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Heartfire: The Tales of Alvin Maker, Volume V Mass Market Paperback – May 15 1999


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Frequently Bought Together

Heartfire: The Tales of Alvin Maker, Volume V + Alvin Journeyman: The Tales of Alvin Maker, Volume IV + The Crystal City: The Tales of Alvin Maker, Volume VI
Price For All Three: CDN$ 28.90


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Product Details

  • Mass Market Paperback: 352 pages
  • Publisher: Tor Fantasy (May 15 1999)
  • Language: English
  • ISBN-10: 0812509242
  • ISBN-13: 978-0812509243
  • Product Dimensions: 10.8 x 2.5 x 16.6 cm
  • Shipping Weight: 113 g
  • Average Customer Review: 3.5 out of 5 stars  See all reviews (26 customer reviews)
  • Amazon Bestsellers Rank: #144,548 in Books (See Top 100 in Books)

Product Description

Review

"With delicacy and insight, incorporating folk tales and folk magic with mountain lore and other authentic details, Orson Scott Card has evoked a vision of America as it might have been."-Greensboro Tribune-Review

From the Back Cover

"With delicacy and insight, incorporating folk tales and folk magic with mountain lore and other authentic details, Orson Scott Card has evoked a vision of America as it might have been."-Greensboro Tribune-Review

Peggy is a Torch, able to see the fire burning in each person's heart. She can follow the paths of each person's future, and know each person's most intimate secrets. From the moment of Alvin Maker's birth, when the Unmaker first strove to kill him, she has protected him.

Now they are married, and Peggy is a part of Alvin's heart as well as his life.

But Alvin's destiny has taken them on separate journeys. Alvin has gone north into New England, where knacks are considered witchcraft, and their use is punished with death.

Peggy has been drawn south, to the British Crown Colonies and the court of King Arthur Stuart in exile. For she has seen a terrible future bloom in the heartfires of every person in America, a future of war and destruction. One slender path exists that leads through the bloodshed, and it is Peggy's quest to set the world on the path to peace.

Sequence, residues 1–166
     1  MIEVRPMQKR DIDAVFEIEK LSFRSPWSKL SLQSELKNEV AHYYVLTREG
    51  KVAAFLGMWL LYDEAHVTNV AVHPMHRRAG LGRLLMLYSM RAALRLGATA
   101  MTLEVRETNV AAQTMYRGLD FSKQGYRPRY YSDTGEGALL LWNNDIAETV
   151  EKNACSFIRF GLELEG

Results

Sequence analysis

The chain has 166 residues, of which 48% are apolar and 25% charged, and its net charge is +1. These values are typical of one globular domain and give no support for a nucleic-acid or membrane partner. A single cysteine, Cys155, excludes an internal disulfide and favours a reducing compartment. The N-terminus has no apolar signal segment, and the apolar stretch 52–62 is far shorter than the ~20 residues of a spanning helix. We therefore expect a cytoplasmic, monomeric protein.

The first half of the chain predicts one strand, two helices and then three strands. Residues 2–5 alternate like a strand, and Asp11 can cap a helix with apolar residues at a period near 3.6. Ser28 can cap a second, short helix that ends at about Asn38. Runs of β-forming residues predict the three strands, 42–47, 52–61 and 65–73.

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Only the sound of Alvin's voice could draw Arthur out of his reverie. Read the first page
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Customer Reviews

3.5 out of 5 stars

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Format: Mass Market Paperback
I originally read this when it first came out, then re-read the series when I got the new book (The Crystal City) for Christmas. This one was not as good as the other books in this series.
The story started off very slow, with a lot of nonsense about Arthur Staurt and Audobon (who could have been left out of the book completely) and birds. While this was explained somwhat at the end of the book, it was still too much and too slow. The book does get better near the end, but by that time, there has been too much junk preceeding it to make it seem worthwhile. The dialogue between Denmark and Gullah Joe is particularly boring and painful to read.
I give this book three stars only because of the characters, which are still great, and the ongoing story of Alvin's quest to build the Crystal City, but it wasn't a great story on its own. If you've read the other books in the series, this one is worth reading just to continue the story, but just barely. I hope the next book can return to the great stories from the previous books, if not, then I hope it will at least be the last in this series.
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Format: Mass Market Paperback
Make no mistake, I loved "Seventh Son" and felt that my whole appreciation of the fantasy genre was increased tenfold, and it was already quite high. The next two volumes were OK. I felt they were losing sight of the original storyline, but that it might pick up again in later volumes. I was wrong. I wrote a scathing review of the fourth book last year, and I had high hopes of redemption with "Heartfire," but this is one of the worst and strangest books I've ever read.
Where to begin. . .Another boring trial, new characters that do nothing, a heroine named "Chastity" who becomes, instead of a strong female, the girlfriend of Verity as soon as she joins the cast. Most laughable of all, the opinion that witch trials were necessary! In a world where magic is real, I suppose he means, but still. It makes no sense. Alvin goes along with the witch trial because he is in favor of religious government. An acceptable opinion, given proper arguments, which are not provided...